Ralph Waldo Emerson wrote, “What lies behind us and what lies before us are tiny matters compared to what lies within us.” This is a powerful, relevant quote as we put the finishing touches on 2022 and prepare to embark on adventures that await us in 2023. Although the past and future may not be tiny matters, in and of themselves, they are tiny matters compared to the potential that lies within each of us to write a new chapter in our lives in the coming year. This new chapter can be written (and experienced with greater quality of life) with the goals created within each of us.
While New Year’s resolutions are cliché, this moment in time presents an opportunity to both reflect on the past year and experience moments of clarity which can pave the way for growth and opportunities in the year ahead. A few questions to reflect on include:
- What made my personal “highlight reel” in 2022?
- What were some of the challenges I encountered?
- What lessons did I learn?
- How did I get in my own way?
- How have I grown as a person?
- What do I want to carry over into 2023?
- What do I want to leave behind in 2022?
- What do I want to do differently next year?
Now that you have started to consider a few of the key events from 2022 and have also started to entertain the idea of changes necessary to grow in 2023, let’s forget about “New Year’s resolutions” and focus on the pursuit of “dreams with deadlines,” or GOALS (Mack, 2001). While “New Year’s resolutions” are often fleeting, goals are the building blocks of creating and sustaining success in life.
Sports psychologists have studied successful athletes and discovered that visualization of successful achievement of goals is often paired with setting SMART goals as part of their recipe for success. Sports psychology has been referred to as the “science of success” and one of the qualities that separates the most successful athletes (from the rest) is the tendency to mentally rehearse their success prior to the physical act of performance. Therefore, an important strategy to aid you in the successful completion of your goals in the year ahead is to practice visualizing your success on a regular basis.
Since visualization does not result in success without hard work, let’s break down the SMART criteria and see how they can be used for setting and achieving goals.
Example goal: losing weight:
“S” stands for “Specific”
-I want to lose 15 pounds. (I identified the exact amount of weight I want to lose.)
“M” stands for “Measurable”
-I will perform 45 minutes of aerobic exercise at least three times per week. (I identified the length of time per exercise as well as the frequency of exercise per week.)
“A” stands for “Attainable”
-Based on my past experiences with weight loss, this is attainable for me. (While this is subjective in nature you may be able to judge based on past experiences and/or guidance from credible sources.)
“R” stands for “Realistic”
-Based on the frequency of weekly exercise and time allotted to lose weight, this appears to be realistic for me. (Again, this can be subjective. If the completion of the goal is unsuccessful this may reflect the goal not having been realistic initially and can serve as an opportunity to modify the deadline, exercises, frequency, etc.)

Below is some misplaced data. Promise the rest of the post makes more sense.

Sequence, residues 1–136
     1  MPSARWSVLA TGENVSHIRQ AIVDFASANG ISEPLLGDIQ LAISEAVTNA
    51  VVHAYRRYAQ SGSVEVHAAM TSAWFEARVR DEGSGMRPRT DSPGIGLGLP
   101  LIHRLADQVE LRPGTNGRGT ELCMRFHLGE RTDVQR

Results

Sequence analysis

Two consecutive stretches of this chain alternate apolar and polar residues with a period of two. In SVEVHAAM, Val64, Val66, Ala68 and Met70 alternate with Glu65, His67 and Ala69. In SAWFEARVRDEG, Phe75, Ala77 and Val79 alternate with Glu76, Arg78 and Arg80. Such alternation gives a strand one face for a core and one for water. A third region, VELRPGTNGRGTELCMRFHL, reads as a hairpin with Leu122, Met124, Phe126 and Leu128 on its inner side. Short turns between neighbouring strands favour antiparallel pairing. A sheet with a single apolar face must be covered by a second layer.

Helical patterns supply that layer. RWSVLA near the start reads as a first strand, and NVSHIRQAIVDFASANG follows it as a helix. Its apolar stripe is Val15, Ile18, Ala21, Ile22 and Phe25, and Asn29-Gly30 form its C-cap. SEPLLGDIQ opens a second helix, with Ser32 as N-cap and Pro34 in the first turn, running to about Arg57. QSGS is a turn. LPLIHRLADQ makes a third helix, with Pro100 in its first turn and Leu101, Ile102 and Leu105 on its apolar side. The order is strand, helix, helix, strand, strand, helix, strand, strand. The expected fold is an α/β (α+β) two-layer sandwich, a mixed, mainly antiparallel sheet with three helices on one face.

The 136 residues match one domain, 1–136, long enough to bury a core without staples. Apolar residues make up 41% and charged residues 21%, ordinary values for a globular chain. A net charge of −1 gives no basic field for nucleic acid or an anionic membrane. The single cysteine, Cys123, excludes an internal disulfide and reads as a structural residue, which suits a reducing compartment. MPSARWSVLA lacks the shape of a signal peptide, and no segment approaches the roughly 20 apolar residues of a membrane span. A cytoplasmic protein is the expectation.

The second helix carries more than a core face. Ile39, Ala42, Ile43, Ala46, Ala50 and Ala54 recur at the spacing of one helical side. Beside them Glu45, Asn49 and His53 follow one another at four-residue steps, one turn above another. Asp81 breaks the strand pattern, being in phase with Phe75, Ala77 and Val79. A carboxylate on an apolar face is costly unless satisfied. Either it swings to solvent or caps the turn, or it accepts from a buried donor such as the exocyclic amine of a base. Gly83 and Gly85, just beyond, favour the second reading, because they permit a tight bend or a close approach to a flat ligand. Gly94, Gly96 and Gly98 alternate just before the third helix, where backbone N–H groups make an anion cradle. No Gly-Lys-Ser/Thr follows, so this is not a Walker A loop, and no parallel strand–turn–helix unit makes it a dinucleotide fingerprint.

“T” stands for “Time-Bound”
-I will complete this goal in 8 weeks. (I set a specific deadline to complete the goal.)
A few important considerations related to the SMART criteria include the ability to track progress, opportunities to make adjustments based on meeting or falling short of the deadline, and making larger goals appear less daunting. For example, I would be able to see within a few weeks whether my exercise routine is yielding positive results based on the amount of weight lost. If necessary, I could modify the frequency of exercise, duration of exercise, and deadline to lose 15 pounds if the goal does not prove to be as realistic and attainable as I initially hypothesized. SMART goals provide an organized structure to develop and refine the goal-setting process.
Another important component of setting and reaching goals is putting the goals down in writing. As demonstrated in this writing sample, research supports writing down personal and professional goals to reinforce performance outcomes (Shippers, Morisano, Locke, Scheepers, Latham, & de Jong, 2020). Beyond writing goals down, the quality of goals formulated has also correlated with greater achievement. Therefore, writing goals down on a white board, in a journal, and/or in Google Docs can reinforce successful goal achievement.
It would be a huge oversight to omit one final point when it comes to goal-setting: the goal is progress, not perfection. Do you want to experience heightened emotional distress trying to be a perfect human being (and never accomplish that) or do you want to become a better version of yourself with each passing day, week, month, year, etc.? I vote for the latter.
Now, I dare you to have an honest conversation with yourself as you reflect on the past year, consider what you want to “write” in your next chapter as you enter 2023, and be bold enough to visualize your success, formulate SMART goals to help you take action, and put those goals down on paper in order to unleash the immense potential that lies within you.
Mack, G. & Casstevens, D. (2001). Mind Gym. McGraw-Hill Schippers, M.C., Morisano, D. Locke, E.A., Scheepers, W.A., Latham, G.P., & de Jong, E.M. (2020). Writing about personal goals and plans regardless of goal type boosts academic performance. Contemporary Educational Psychology, 60, 1-10.